The Inside Of Ancient Fossil Turds Visualized In Impressive 3D


The 230-million-year-old poop of a lungfish, showing a partially articulated fish skeleton. Martin Qvarnstrom


In scientific news you probably didn’t want to know, researchers have peered inside 230-million-year-old poop to see in detail what the creator had for lunch. This is the first time that researchers have been able to fully visualize the internal structure of fossilized poop to such a fine resolution.

The study, published in Nature this week, used a technique known as synchrotron scanning to get an unparalleled look inside the fossil poop, known properly as coprolites. This basically involves taking a particle accelerator, firing electrons around the ring-shaped track, and then directing the X-rays they emit towards the mineralized turd.


Amazingly, they were able to see in astonishing detail what two different creatures had for dinner. In one coprolite, they found the wing cases and legs of three different species of beetle, while in the other they found half an articulated fish skeleton. They suspect that the first poop most likely belonged to a terrestrial lizard-like critter, while the second was likely from an ancient lungfish.

The wing case and leg os three different species of beetle found in the second turd. Qvarnström et al. 2017

Traditionally, palaeontologists have studied coprolites by taking 2D slices of the poops and then using microscopes to analyze what's inside them. This is a crude way to do it and means the researchers have to try and reconstruct what may have been preserved within the coprolite. Using the particle accelerator, however, the team could visualize what was inside the poop in 3D.

While the ability to peer into fossil poop is incredibly impressive, the work is somewhat limited. Coprolites are a fairly common find in the fossil records, as animals poop on a pretty regular basis.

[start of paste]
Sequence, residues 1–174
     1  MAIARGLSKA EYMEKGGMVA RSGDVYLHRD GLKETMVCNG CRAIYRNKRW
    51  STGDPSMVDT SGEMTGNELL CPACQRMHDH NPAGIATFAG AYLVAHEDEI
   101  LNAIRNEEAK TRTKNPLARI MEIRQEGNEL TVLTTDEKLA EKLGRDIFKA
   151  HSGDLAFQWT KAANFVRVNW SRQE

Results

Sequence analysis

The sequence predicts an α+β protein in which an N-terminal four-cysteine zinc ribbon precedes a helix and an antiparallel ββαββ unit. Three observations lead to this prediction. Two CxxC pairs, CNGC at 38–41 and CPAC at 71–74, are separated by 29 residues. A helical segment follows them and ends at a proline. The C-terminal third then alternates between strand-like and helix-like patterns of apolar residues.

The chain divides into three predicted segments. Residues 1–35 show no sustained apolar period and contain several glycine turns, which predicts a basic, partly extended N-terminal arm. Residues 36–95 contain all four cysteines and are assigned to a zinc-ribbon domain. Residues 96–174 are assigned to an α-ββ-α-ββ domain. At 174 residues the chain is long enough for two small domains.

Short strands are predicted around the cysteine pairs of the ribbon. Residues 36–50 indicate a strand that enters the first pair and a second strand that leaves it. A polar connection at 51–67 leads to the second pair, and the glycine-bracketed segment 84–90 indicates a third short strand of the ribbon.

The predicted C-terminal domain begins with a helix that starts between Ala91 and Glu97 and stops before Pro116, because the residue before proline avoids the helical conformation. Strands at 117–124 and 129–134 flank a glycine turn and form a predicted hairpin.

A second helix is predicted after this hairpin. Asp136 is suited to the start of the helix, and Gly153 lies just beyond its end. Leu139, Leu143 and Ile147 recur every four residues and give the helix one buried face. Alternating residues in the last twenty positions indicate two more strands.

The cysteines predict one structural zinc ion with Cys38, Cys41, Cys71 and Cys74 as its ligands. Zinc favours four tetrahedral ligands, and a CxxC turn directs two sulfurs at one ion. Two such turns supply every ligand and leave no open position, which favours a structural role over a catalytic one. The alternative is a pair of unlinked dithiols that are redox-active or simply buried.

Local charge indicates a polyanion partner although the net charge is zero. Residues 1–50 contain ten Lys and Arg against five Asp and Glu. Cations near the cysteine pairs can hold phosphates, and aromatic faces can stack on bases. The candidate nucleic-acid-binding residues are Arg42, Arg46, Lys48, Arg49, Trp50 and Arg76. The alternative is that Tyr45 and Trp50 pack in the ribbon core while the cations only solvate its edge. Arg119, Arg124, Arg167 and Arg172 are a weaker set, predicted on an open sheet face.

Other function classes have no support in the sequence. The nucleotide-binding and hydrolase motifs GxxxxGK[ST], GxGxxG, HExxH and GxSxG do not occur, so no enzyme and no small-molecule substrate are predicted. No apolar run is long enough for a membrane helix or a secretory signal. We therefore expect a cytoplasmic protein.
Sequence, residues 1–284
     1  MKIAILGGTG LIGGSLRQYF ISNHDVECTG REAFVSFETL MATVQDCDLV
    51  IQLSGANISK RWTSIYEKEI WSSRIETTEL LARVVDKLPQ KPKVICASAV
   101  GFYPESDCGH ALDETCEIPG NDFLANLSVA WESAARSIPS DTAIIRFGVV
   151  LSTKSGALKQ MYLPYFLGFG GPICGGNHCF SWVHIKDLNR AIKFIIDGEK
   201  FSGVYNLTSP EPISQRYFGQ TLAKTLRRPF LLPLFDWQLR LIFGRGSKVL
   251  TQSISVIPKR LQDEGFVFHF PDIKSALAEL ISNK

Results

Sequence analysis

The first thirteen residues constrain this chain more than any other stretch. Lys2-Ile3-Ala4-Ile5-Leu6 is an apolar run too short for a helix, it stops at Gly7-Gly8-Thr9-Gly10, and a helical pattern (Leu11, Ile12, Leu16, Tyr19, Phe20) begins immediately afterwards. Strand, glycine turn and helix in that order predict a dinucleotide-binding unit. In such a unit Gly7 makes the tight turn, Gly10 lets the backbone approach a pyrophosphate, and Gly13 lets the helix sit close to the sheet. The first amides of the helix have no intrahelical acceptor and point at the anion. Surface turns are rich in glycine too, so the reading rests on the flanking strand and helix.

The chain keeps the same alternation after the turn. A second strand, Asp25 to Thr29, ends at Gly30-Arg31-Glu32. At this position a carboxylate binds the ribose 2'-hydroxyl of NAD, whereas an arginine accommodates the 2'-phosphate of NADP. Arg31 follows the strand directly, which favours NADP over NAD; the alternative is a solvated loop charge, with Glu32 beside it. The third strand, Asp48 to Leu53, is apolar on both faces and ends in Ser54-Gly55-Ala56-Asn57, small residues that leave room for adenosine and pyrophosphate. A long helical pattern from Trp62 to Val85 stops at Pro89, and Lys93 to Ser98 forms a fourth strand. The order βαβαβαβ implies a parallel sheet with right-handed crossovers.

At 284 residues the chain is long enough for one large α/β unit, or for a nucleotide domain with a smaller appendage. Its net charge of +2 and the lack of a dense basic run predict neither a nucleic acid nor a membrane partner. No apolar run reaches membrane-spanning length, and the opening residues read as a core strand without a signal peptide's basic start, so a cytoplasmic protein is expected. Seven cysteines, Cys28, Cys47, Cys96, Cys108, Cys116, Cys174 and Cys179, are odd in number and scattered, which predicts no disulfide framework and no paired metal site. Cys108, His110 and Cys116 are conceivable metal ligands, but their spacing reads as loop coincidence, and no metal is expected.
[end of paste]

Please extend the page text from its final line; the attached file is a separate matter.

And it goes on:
The tricky part when it comes to coprolites, though, is nailing down exactly which ancient creature evacuated its bowls to produce the turds in the first place. Sure, it’s interesting to know that a dog-sized animal was snacking on beetles some 230 million years ago, but does that tell us anything new? The researchers certainly seem to think so.


“We have so far only seen the top of the iceberg,” says team lead Martin Qvarnström of the University of Uppsala in a statement. “The next step will be to analyze all types of coprolites from the same fossil locality in order to work out who ate what (or whom) and understand the interactions within the ecosystem.”

This could, in theory at least, allow researchers to build up a picture of the ecosystem, including how different species during the same time period filled different niches. So rather than focusing on individual species, it could provide a useful overview of an entire environment, based solely on poop.

  • tag
  • fish,

  • beetle,

  • fossil,

  • electron,

  • poop,

  • particle accelerator,

  • turd,

  • coprolite